The CIA was systematically destroyed by political correctness, by petty Beltway wars, by careerism, and much more. At a time when terrorist threats were compounding globally, the agency that should have been monitoring them was being scrubbed clean instead. Americans were making too much money to bother. Life was good. The White House and the National Security Council became cathedrals of commerce where the interests of big business outweighed the interests of protecting American citizens at home and abroad. Defanged and dispirited, the CIA went along for the ride. And then on September 11, 2001, the reckoning for such vast carelessness was presented for all the world to see.

1 posted on 05/26/2004 6:51:55 PM PDT by fight_truth_decay
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To: fight_truth_decay

I'll skip it.


2 posted on 05/26/2004 6:57:56 PM PDT by Dan from Michigan ("Today we did what we had to do. They counted on America being passive. They were wrong. - Reagan)
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To: fight_truth_decay

I wonder if the movie will mention that the left systematically destroyed the CIA because many of them didn't think we needed an intelligence agency. See Robert Reich's book, where he ridicules the need for it.


3 posted on 05/26/2004 7:00:01 PM PDT by Zack Nguyen
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To: Dan from Michigan

Eight bucks to help fund the left's political agenda? I think not.


4 posted on 05/26/2004 7:01:47 PM PDT by noscreenname (>>>>New tagline under construction<<<<)
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Even if no one could have foreseen those attacks, it's still inconceivable that so many people had to die in order to wake us up to the fact that we have sacrificed a national resource for greed and convenience and small-minded politics. I'm incensed, and I think we should all be incensed, that the courageous passengers of United Airlines Flight 93 were the White House's first and only line of defense on September 11-not the CIA or the FBI or the Immigration and Naturalization Service or any other office or agency that we pay our taxes to support.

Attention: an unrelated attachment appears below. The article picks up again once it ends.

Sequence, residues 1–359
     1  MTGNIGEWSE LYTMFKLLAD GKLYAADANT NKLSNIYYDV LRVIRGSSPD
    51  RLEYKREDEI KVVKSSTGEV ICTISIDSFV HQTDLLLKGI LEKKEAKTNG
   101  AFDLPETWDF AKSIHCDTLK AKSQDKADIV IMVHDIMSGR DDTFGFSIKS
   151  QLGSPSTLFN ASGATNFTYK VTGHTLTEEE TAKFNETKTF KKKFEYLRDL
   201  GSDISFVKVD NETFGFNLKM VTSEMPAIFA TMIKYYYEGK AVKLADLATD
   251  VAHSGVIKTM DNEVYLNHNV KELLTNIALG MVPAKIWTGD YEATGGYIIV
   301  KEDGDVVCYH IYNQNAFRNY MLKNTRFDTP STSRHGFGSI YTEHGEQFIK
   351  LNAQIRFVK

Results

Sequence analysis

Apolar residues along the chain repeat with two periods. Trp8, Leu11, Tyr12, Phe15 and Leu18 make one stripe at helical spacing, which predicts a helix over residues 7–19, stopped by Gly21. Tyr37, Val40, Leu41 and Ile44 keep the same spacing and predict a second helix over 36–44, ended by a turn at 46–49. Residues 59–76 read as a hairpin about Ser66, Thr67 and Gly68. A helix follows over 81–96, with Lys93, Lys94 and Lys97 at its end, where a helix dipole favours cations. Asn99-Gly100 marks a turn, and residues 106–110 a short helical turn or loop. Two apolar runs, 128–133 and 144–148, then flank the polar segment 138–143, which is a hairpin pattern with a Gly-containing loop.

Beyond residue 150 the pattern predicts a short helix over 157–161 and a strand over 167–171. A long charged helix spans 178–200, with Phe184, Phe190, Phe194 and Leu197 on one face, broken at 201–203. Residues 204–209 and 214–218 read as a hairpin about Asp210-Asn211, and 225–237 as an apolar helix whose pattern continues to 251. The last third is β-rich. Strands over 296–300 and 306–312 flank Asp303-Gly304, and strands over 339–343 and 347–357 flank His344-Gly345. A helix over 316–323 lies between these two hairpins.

The other day a reporter friend told me that one of the highest-ranking CIA officials had said to him, off the record, that when the dust finally clears, Americans will see that September 11 was a triumph for the intelligence community, not a failure. If that's going to be the official line of thinking at the agency charged with manning the front lines in the war against the Osama bin Ladens of this world, then I am more than angry: I'm scared to death of what lies ahead.

Excerpted from See No Evil by Robert Baer
http://www.abcnews.go.com/sections/primetime/DailyNews/pt_020117_baer_excerpt.html


5 posted on 05/26/2004 7:21:16 PM PDT by fight_truth_decay
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To: fight_truth_decay

but THIS part is pretty good...

"Americans need to know that what happened to the CIA didn't happen just by chance. The CIA was systematically destroyed by political correctness, by petty Beltway wars, by careerism, and much more. At a time when terrorist threats were compounding globally, the agency that should have been monitoring them was being scrubbed clean instead. Americans were making too much money to bother. Life was good. The oceans on either side of us were all the protection we needed. Afloat on this sea of self-absorption, the White House and the National Security Council became cathedrals of commerce where the interests of big business outweighed the interests of protecting American citizens at home and abroad. Defanged and dispirited, the CIA went along for the ride. And then on September 11, 2001, the reckoning for such vast carelessness was presented for all the world to see. "


6 posted on 05/26/2004 8:07:25 PM PDT by bitt
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To: bitt
Afloat on this sea of self-absorption

We enjoyed living in a land of cotton candy and merry-go-rounds.

7 posted on 05/27/2004 3:48:41 AM PDT by fight_truth_decay